Firewood scarce, while hunger remains burning
Firewood, basic kitchen fuel resource of the poor, has gone scarce; and meals are harder to prepare in modest homes. Only a small number of poor people have cooking gas and the majority burns reeds, weeds, dry branches, and dung cakes every day in the kitchen.punjab Updated: Mar 04, 2013 00:12 IST
Firewood, basic kitchen fuel resource of the poor, has gone scarce; and meals are harder to prepare in modest homes.
Only a small number of poor people have cooking gas and the majority burns reeds, weeds, dry branches, and dung cakes every day in the kitchen. All folks of the household, including women, children and old men walk miles all day to gather wood for fuel.
Because firewood also warms their bathwater when the weather is cold, the demand triples in winter and the hunt becomes more strenuous. Fossil fuel also causes indoor environment pollution and gives health problems to the women who blow pipes to fire the earthen stove.
Dry firewood is hard to get, since hardly any thickets remain. Dung cakes cost Rs 3 a piece, and dry firewood cost Rs 700 a quintal on the market. “The situation is very serious in the villages, where less than 25% households have liquefied petroleum gas (LPG),” said Mohar Singh Gill, a villager of Sirsari. “We cook food on fire produced by burning either dung cakes or gathered dry wood.”
Only 50 of the 200 Dalit households in the village have cooking-gas connection. Kerosene oil is available to a small number of people.
Firewood expensive; plastic now being burnt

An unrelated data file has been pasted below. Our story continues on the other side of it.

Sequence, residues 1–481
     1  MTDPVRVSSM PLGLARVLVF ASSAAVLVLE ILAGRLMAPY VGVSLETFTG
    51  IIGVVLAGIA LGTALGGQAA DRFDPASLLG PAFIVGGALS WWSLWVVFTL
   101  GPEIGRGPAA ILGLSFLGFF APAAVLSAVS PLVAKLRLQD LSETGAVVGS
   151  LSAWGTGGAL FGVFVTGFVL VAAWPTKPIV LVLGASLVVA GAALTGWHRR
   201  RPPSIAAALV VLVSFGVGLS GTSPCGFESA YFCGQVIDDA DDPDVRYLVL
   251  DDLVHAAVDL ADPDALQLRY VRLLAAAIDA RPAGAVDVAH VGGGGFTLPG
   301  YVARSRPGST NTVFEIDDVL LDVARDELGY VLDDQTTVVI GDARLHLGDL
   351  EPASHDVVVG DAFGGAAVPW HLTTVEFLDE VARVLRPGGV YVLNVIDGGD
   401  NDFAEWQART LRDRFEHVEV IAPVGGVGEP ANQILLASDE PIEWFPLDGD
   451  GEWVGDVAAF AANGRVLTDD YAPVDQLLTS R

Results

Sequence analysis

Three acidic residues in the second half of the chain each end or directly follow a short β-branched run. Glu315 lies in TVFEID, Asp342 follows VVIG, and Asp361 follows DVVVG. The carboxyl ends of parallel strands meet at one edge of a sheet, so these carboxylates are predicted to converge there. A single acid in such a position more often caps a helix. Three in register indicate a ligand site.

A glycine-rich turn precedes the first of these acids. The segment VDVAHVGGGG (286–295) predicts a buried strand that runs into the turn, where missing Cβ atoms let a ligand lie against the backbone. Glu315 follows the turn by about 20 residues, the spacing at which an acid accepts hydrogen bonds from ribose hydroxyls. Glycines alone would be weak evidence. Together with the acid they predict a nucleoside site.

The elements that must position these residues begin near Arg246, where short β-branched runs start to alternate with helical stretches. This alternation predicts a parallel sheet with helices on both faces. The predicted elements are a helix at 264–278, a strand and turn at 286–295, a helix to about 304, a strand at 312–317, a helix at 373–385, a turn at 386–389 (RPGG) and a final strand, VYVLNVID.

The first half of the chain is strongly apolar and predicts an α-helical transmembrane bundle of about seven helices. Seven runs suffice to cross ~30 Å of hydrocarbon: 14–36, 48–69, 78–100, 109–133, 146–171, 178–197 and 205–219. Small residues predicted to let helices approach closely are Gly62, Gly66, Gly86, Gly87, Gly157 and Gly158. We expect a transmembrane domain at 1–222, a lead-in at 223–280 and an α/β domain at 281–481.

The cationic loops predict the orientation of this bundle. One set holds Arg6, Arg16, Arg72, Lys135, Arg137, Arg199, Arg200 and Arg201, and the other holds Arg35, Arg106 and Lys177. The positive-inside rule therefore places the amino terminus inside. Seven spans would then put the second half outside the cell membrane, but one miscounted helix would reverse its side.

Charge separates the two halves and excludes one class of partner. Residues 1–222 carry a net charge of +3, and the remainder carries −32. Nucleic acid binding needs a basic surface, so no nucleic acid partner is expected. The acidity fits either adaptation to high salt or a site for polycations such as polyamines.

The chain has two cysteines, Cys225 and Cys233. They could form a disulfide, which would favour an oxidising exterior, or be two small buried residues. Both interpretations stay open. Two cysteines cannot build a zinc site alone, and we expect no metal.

“In cities, the poor have improvised water heaters that burn firewood and dung cakes,” said Rajinder Jassal of Kotkapura. “Now people also burn polythene bags and other plastic waste after firewood has become expensive. We know it causes pollution but if we don't burn plastic, it will block the sewers, as streets are not cleaned regularly and the municipalities don't know how to manage this waste.”
Less cotton, less reed
When the LPG is inaccessible and kerosene is available in small quantity to only a few, even crop residue and dung are in short supply, and anyway, these are poor-quality fuel. Most people in the Malwa region use cotton plants as cooking fuel after plucking but now even the area under cotton has shrunk to accommodate paddy.
Less cattle, less dung
The low wholesale price of milk and higher input cost had reduced the number of cattle, so even dung is not produced much. Whatever little is made is consumed as farm manure.
Biogas for lucky few
To build biomass plants, farmers need to have at least 4 cattle heads and some spare space. “Cotton, if its cultivation is encouraged, can not only save subsoil water but also provide many with fuel. The government should at least introduce subsidy on Bt cotton to bring more area under it,” said Sukha, a young man from Niamiwala village.
Trees being chopped, stolen
The demand for firewood is also taking a toll on the environment, because trees are being cut for it and smoke is being produced. Trees planted along canals are beuing stolen and uprooted when these are small and shed leaves in winter. “It has reduced the green cover,” said Chamkaur Singh, a teacher in Faridkot district.